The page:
This isn’t exactly extraordinary, mind you; loads of writers know their Doctor Who. But there’s a degree of “trying to get it right” involved here that stands out. There is also, mind you, a few moments of serious unfortunateness. Guerra is a fantastic artist, but personal problems prevented her from being able to do the third and fourth issues, and for reasons unexplained IDW declined to use her art for the sixth issue despite it apparently being submitted to them by the agreed upon deadline. In amidst all this artist swapping (which did no wonders for the art) came a breathtakingly unfortunate moment where the colorist on the third issue was apparently unaware that Martha is not white.
But for all that the comic is well put together, there is something oddly hollow about it. It is not, as I said, The Ten Doctors. Rather, this is a story in which a semi-amnesiac Tenth Doctor wanders around a mysterious museum being attacked by monsters and reminiscing about his past selves, where at the end it turns out that this has all been caused by an alien parasite. So effectively The Eight Doctors mashed up with Amy’s Choice, which is more creative than it sounds given that Amy’s Choice hadn’t actually aired yet, though still not exactly a concept that lights up the world. It is, ultimately, a concept that exists only to pile on the continuity.
The Forgotten is, in other words, ultimately just a hall of mirrors: an endless procession of bits of Doctor Who continuity presented out of context, with no goal other than piling them on. It is a comic of pure fanservice – an attempt to put IDW on the Doctor Who map by giving a group of people what they want. But, interestingly, no more than that. The Forgotten piles up the continuity references without ever actually building anything out of them. They exist for their own purpose, culminating in nothing save for an ultimately self-consciously empty scene with Susan, or, rather, the TARDIS impersonating Susan.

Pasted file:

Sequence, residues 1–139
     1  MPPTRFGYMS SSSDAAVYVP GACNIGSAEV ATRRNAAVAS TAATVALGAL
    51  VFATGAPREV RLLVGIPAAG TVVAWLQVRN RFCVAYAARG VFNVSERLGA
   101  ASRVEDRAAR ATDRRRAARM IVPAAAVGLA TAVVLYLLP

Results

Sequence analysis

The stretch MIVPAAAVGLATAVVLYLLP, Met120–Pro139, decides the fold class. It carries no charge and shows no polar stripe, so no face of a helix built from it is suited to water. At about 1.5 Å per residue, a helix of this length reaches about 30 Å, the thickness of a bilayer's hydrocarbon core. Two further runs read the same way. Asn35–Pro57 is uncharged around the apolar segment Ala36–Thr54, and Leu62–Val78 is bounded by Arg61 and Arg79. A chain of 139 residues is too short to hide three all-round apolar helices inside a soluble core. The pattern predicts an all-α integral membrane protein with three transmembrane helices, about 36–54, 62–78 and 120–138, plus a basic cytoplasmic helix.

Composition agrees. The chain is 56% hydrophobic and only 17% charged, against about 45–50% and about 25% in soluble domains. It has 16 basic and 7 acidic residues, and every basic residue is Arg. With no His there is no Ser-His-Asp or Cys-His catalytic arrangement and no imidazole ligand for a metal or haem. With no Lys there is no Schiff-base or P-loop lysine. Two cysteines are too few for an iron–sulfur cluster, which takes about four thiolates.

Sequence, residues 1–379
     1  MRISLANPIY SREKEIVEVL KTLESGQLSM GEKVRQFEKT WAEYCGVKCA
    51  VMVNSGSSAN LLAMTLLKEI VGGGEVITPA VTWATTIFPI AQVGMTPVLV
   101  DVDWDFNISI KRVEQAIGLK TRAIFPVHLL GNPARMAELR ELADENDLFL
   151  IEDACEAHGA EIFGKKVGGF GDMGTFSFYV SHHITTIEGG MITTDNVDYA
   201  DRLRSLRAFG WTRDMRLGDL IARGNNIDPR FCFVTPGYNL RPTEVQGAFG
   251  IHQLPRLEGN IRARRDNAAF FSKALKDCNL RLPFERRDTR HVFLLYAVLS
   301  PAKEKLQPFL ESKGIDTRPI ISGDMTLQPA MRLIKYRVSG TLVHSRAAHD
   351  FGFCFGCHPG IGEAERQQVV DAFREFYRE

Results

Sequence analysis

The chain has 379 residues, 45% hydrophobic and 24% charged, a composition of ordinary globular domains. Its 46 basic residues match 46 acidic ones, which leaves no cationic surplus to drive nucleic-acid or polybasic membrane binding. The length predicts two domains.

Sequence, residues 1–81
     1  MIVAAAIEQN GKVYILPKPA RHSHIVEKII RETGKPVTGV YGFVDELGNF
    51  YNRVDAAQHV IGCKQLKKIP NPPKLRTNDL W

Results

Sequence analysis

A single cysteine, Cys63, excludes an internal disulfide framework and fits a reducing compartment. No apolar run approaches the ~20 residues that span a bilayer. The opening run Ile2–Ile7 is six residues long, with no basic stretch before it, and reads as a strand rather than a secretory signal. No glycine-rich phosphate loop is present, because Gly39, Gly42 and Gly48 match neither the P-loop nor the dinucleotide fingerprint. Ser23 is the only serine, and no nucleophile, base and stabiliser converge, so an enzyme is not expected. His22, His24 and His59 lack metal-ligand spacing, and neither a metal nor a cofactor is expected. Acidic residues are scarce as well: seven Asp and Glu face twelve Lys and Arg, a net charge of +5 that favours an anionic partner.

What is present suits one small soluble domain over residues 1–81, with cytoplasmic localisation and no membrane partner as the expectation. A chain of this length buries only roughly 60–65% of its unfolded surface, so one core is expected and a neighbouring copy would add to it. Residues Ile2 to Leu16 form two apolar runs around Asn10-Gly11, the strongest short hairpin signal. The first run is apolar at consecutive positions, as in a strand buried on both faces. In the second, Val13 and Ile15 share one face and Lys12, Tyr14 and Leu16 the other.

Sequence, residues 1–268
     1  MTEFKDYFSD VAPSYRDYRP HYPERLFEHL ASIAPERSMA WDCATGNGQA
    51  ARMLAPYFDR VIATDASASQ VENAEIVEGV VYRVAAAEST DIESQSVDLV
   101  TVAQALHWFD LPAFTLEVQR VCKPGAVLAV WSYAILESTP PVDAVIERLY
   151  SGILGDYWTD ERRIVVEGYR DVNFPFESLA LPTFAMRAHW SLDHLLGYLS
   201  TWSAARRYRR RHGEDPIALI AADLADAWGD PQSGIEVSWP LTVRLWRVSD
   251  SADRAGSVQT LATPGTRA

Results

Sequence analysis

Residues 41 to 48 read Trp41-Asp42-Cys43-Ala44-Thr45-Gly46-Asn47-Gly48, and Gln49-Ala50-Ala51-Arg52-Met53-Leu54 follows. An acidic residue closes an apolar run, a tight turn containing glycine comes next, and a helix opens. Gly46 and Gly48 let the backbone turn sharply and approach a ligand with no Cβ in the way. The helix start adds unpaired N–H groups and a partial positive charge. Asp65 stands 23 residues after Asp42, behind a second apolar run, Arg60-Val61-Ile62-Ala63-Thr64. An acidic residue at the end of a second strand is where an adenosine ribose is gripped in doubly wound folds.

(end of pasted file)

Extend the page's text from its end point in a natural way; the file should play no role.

It is of course worth asking what else anyone expected from a ten Doctor story. Even aside from the problem of aging and death, ten main characters is an awful lot for a self-contained story, and that’s before you add in companions. Finding an adventure in which everyone would have something to do is an outright logistical nightmare. Somewhere between 1983 and the present day the history of Doctor Who became too large to do in a single all-encompassing story. (Indeed, it was barely possible in 1983 – The Five Doctors is, let’s face it, a bit of a mess) In many ways The Forgotten does it as well as it can be done – by getting rid of everything else except the excuse for piling on Doctors and continuity references, it at least can get through all the bases in just six issues of comic book.